Current position of the SSV Robert C. Seamans. Click on the vessel to view position history. Use the tools, top right, to change the map style or view data layers.
SEA Currents: SSV Robert C. Seamans
Ko rapa, Kiribati!
1° 59.2’ N x 157° 29.1’ W
Description of location
Anchored just off of London, Kiritimati Island.
Weather / Wind / Sail Plan (from 1300 Watch Change)
Easterly winds with 1/8ths cloud coverage. Currently anchored with a plan to set sail for Hawaii tomorrow at 0600.
"It's an interesting biological fact that all of us have in our veins the exact same percentage of salt in our blood that exists in the ocean, and therefore, we have salt in our blood, in our sweat, in our tears. We are tied to the ocean. And when we go back to sea √ whether it is to set sail or to watch it √ we are going back from whence we came." - JFK
Today was a unique experience aboard the Robert C. Seamans because we had two groups of high school students from Kiritimati Island visit the ship. They did some sail handling and checked out some creatures that we'd caught in the neuston net through the microscopes. We also shared our survey data collected at Rangiroa, Caroline, and Kiritimati with the Wildlife Conservation team and discussed their plans to start a reef monitoring program of their own. Sweet! My favorite part of the day however was after tour. Everyone hung out on the quarterdeck and the Kiribati students sang and danced. One of the girls even taught us a couple of the Kiribati dances, and we all had a great time making fools of ourselves. We returned the favor by singing a few off-tune songs and silly dances, the Macarena and Cupid Shuffle. One thing that always crosses cultural lines: laughing at horribly executed dance moves.
We also got to step foot on good ol' terra firma, if only for a few hours. We took some of the small boats to Kiritimati and wandered around the beaches. Fun fact: the four major towns of Kiritimati are London, Poland, Paris, and Banana (there's another town, Tennessee, which is neglected on most maps.) The sun was brutal but the water was cool and the people were friendly.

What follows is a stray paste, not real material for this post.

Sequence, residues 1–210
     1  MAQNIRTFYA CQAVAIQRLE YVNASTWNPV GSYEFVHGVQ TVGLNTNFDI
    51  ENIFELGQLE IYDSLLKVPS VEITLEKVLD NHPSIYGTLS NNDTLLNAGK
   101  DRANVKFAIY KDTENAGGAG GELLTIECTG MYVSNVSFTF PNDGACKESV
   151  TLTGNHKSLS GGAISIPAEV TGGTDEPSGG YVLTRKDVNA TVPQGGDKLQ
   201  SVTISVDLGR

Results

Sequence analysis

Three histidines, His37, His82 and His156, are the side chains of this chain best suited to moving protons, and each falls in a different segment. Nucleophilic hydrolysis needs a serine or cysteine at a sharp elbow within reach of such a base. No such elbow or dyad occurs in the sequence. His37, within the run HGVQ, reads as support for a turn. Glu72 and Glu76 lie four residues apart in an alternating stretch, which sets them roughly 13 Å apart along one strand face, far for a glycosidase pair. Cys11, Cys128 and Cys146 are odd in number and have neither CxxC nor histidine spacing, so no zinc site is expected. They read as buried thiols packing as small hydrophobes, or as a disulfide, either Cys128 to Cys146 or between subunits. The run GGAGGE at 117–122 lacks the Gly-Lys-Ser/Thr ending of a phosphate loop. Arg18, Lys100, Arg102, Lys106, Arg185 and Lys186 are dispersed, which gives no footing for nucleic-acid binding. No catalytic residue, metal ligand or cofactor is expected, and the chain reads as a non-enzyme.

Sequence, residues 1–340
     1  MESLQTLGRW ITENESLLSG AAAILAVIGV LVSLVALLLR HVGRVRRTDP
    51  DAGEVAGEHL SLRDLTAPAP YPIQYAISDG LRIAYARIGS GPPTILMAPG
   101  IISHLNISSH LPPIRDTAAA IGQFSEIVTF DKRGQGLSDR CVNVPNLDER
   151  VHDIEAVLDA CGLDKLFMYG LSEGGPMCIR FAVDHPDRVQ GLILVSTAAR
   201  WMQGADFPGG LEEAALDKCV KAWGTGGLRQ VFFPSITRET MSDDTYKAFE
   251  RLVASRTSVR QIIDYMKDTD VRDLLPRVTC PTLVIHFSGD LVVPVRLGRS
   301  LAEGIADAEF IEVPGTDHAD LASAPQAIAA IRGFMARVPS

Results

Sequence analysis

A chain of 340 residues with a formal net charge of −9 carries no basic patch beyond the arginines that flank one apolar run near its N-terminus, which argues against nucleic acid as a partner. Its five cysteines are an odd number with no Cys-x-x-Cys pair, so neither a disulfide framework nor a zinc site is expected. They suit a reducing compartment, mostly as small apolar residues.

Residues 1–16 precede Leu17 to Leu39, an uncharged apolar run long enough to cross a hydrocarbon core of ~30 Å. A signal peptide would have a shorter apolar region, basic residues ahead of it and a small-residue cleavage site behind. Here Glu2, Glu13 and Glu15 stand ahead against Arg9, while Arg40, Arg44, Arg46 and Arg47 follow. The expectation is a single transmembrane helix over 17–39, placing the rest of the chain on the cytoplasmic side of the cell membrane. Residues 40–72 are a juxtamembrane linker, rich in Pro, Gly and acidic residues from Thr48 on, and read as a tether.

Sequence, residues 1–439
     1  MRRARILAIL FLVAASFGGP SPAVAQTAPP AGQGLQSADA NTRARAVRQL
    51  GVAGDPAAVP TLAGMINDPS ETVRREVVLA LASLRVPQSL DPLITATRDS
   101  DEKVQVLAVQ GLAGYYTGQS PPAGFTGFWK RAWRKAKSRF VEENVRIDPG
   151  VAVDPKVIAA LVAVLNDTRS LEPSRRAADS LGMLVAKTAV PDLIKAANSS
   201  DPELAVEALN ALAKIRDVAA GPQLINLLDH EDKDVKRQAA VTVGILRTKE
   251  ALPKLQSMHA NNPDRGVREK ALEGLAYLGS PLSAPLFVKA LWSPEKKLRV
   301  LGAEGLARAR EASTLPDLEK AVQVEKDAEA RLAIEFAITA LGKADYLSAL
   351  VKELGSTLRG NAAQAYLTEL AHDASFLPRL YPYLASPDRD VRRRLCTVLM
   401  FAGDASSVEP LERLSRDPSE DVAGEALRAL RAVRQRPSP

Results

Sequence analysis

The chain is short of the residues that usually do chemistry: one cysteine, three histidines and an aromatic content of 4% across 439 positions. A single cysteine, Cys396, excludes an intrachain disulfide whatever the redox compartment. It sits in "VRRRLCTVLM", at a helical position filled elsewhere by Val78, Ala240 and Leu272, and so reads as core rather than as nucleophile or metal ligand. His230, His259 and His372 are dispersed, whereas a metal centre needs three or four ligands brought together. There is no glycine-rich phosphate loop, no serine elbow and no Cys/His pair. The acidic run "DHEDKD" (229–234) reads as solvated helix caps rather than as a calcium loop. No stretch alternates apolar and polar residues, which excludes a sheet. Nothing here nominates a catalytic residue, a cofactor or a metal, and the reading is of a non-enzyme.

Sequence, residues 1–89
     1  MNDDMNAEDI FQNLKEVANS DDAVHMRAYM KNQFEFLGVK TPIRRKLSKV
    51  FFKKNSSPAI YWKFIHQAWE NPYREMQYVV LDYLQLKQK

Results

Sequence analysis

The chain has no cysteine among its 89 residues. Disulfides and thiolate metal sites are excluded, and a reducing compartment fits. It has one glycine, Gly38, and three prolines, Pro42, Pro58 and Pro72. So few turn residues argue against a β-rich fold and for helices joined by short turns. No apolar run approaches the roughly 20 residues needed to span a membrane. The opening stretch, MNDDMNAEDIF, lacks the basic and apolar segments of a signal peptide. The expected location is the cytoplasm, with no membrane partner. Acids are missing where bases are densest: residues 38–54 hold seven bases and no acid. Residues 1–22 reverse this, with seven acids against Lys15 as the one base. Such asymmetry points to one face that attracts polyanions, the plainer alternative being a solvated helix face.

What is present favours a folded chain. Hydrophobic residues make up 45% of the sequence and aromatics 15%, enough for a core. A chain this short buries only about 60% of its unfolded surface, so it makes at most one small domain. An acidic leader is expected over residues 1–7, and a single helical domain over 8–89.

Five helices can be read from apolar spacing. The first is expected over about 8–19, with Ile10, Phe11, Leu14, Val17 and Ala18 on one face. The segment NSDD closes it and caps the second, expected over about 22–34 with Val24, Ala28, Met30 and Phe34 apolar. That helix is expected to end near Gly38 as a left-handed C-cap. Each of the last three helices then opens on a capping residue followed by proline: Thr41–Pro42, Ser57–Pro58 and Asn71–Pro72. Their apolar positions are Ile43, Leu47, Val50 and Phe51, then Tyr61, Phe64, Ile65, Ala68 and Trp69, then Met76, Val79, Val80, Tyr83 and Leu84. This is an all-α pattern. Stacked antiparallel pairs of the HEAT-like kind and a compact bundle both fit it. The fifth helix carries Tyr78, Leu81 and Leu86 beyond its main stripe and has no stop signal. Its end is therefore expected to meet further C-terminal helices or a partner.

Now that we're in our home stretch to Hawaii, a bunch of us have been thinking forward. Our experiences out here have had a profound impact on us. The sharp bright memories of going aloft for the first time or setting the main meshed with the small unexplainable moments of stargazing on a silent ship or chilling on the doghouse.
I had always been so focused on coastal environments. Reefs, waves, and tide pools took up the bulk of my marine thought processes. The open ocean, while theoretically very cool, hadn't inspired the same passion as it's shallow-water cousins. I can see now how Herman Melville called the Pacific Ocean (the tide-beating heart of the world). My time out here in the Pacific has humbled me to how narrow my view of the ocean was and how many more opportunities I have to appreciate it. I'm so grateful to SEA and the crew for showing me a whole new side to something that I've always cared so deeply about. With any luck, this is just the first open ocean voyage for this shellback.
P.S. A shout out to A watch, who have taught me so much. Johann, for always throwing himself 120% into every task and being the slippery salp we all need at 3am. Esme, for the constant giggles and joy. Bon Bon, for reminding me to enjoy every moment from shooting stars to dolphin watch. Sara, who's no-nonsense yet patient leadership style has brought out the best in us. Phillip, who can always be relied on for a little sass and a lot of geology geek out. Farley, who can make even puzzling galley mats fun. Heather, for being a singularly real and hilarious person. We make a weird bunch, but I wouldn't have it any other way.